war

    Carlotta Gall covers Afghanistan for the New York Times. Her new book is called The Wrong Enemy: America in Afghanistan, 2001-2014.

Highly critical of Pakistan, it offers new information about how Islamabad has helped the Taliban in Afghanistan, and how Pakistan's intelligence agency may have helped Osama bin Laden hide out in Abbottabad, Pakistan.

    Near the start of the nineteenth century, as the newly established United States looked outward toward the wider world, a group of eminent Protestant ministers formed a grand scheme for gathering the rest of mankind into the redemptive fold of Christianity and “civilization.” Its core element was a special school for “heathen youth” drawn from all parts of the earth, including the Pacific Islands, China, India, and, increasingly, the native nations of North America.

The Heathen School follows the progress, and the demise, of this first true melting pot through the lives of individual students: among them, Henry Obookiah, a young Hawaiian who ran away from home and worked as a seaman in the China Trade before ending up in New England; John Ridge, son of a powerful Cherokee chief and subsequently a leader in the process of Indian “removal”; and Elias Boudinot, editor of the first newspaper published by and for Native Americans.

  Author and journalist, Stephen Kinzer, will be speaking at 2:30 pm on the Siena College Campus this afternoon. The event is sponsored by Women Against War.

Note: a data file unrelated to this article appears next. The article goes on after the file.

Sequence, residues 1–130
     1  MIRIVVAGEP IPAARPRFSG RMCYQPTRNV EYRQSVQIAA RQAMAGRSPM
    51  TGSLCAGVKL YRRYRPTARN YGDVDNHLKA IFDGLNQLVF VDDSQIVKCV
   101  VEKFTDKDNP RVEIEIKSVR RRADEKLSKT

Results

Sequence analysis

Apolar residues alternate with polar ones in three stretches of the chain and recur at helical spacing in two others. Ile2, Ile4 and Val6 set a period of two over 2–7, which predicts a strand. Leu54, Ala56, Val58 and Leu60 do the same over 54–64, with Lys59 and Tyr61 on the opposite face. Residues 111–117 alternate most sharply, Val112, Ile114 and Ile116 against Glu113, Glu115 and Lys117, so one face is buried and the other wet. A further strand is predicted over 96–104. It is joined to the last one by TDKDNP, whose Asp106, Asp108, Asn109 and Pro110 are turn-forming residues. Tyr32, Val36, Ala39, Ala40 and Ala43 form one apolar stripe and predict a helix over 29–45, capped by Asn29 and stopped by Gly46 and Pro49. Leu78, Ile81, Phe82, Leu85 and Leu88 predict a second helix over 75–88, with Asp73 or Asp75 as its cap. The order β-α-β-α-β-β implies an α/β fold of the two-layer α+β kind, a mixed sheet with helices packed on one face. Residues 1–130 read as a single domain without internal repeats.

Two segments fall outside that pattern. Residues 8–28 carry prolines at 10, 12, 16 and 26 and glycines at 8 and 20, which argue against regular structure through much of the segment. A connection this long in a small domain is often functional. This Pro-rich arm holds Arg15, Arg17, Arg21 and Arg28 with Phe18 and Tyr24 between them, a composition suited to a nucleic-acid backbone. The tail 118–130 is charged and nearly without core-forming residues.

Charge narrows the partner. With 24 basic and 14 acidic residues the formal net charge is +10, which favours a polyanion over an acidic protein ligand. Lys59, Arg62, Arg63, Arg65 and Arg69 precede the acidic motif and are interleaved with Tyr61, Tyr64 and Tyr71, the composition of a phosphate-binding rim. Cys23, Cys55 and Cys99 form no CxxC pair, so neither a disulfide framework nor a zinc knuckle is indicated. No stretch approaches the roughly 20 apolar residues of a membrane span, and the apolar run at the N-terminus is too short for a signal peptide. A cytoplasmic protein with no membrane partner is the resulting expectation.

Kinzer will discuss his new book, The Brothers: John Foster Dulles, Allen Dulles, and their Secret World War. He is also the author of the highly acclaimed book, All the Shah's Men: An American Coup and the Roots of Middle East Terror.

Stephen Kinzer is an award-winning foreign correspondent, formerly with the New York Times, and a bestselling author of books on American foreign policy in Central America, Rwanda, Turkey, and Iran.

   Phil Klay's Redeployment takes readers to the frontlines of the wars in Iraq and Afghanistan, asking us to understand what happened there, and what happened to the soldiers who returned.

Interwoven with themes of brutality and faith, guilt and fear, helplessness and survival, the characters in the stories struggle to make meaning out of chaos.

When Marie Colvin was killed in an attack in Syria in February 2012, the world mourned the loss of the greatest war correspondent of her generation.

Marie was known for her signature style, her black eye patch and the pearls gifted from Arafat, and her fearlessness in covering some of the world’s most dangerous conflicts. She died while reporting on the suffering of Syrian civilians,sacrificing her life with a cause she believed in- the need to witness the bear anonymous victims of war.

Telling her story for the first time is Paul Conroy, a British war photographer who had forged a close bond with Marie, and was with her when she died. His book is Under the Wire: Marie Colvin’s Final Assignment. It is a gripping and moving account of their friendship, and of their final assignment to one of the most hellish places on Earth.

    Fearing a backlash, according to our next guest, the military has routinely distorted its casualty reports in order to hide the true cost of war.